Skin Benefits of Vitamin C
Vitamin c has been linked to many health benefits including common cold prevention, assisting with iron absorption, and cancer prevention.
Skin Benefits of Vitamin C
Vitamin c is an important factor in skin health. Research has shown Vitamin c, also known as ascorbic acid, to possess anti-inflammatory properties beneficial in wound and cut healing. Vitamin c is also a powerful antioxidant and has been shown to provide photoprotecting properties which applied topically can reduce skin damage from too much sun exposure.
Vitamin c may also possess anti-aging properties. It works to increase production of collagen while working to decrease the production of the enzyme responsible for the breakdown of collagen. Collagen, together with elastin and keratin, is responsible for skin flexibility and strength warding off signs of aging.
Topically Applied Vitamin C
Over the counter cosmetics have already begun to tout the benefits of vitamin c in their preparations. You will most often find vitamin c on the label listed as I-ascorbic acid or ascorbyl palmitate. Studies have shown these topically applied forms of vitamin c to have major beneficial skin properties.
Don't look for the vitamin c miracle in a jar just yet.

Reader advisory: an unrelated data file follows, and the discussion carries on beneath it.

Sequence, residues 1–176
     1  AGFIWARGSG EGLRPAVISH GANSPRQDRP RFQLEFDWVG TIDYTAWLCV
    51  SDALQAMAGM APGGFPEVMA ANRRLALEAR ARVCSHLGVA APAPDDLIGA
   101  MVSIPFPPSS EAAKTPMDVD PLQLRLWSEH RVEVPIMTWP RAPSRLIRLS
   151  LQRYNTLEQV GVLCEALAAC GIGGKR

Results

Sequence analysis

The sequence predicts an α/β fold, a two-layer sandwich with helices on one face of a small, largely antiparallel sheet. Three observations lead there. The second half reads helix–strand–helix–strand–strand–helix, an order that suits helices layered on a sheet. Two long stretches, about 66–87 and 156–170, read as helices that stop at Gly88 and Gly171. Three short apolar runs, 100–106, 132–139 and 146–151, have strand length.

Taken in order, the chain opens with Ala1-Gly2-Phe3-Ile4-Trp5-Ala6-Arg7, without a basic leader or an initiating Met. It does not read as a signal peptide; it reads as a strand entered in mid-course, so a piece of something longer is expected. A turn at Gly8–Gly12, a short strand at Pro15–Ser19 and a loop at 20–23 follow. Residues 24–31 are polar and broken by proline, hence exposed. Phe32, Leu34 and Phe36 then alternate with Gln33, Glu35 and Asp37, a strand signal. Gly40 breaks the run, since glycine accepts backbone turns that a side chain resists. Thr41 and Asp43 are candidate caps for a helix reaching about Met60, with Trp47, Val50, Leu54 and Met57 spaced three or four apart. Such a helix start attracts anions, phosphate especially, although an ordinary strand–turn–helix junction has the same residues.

Unfortunately, simply adding vitamin c to a cream may not be the answer. Because vitamin c is water-soluble most studies have shown that its effectiveness is inconsistent when added to preparations because it does not remain stable enough to adequately penetrate the skin. And when opened, the preparation quickly oxidizes reducing its effectiveness- if not rendering it completely ineffective.
Because this is known, it's likely only a matter of time before scientific research will surpass these hurdles and find effective ways to jar the miracle to live up to its full potential. Until that time, vitamin c can still provide its many health benefits when added to the daily diet.
Recommended Dietary Allowance (RDA)
The US recommended daily allowance for vitamin c intake is based on two factors, the first is the minimum required dosage to prevent deficiency and promote optimal health, the second is based on singling out smokers, as they require additional vitamin c levels due to the toxins in cigarettes generally lowering blood levels of vitamin c.
Adult males require 90 milligrams of vitamin c per day, adult females 75. Pregnant women and women breastfeeding require slightly higher dosages. Adult male smokers should ingest 125 milligrams per day, while adult female smokers require 110.
Foods Containing Vitamin C
A large orange contains on average 100 mg of vitamin c so fulfilling the daily allowance is as easy as peeling an orange or pouring a large glass of juice.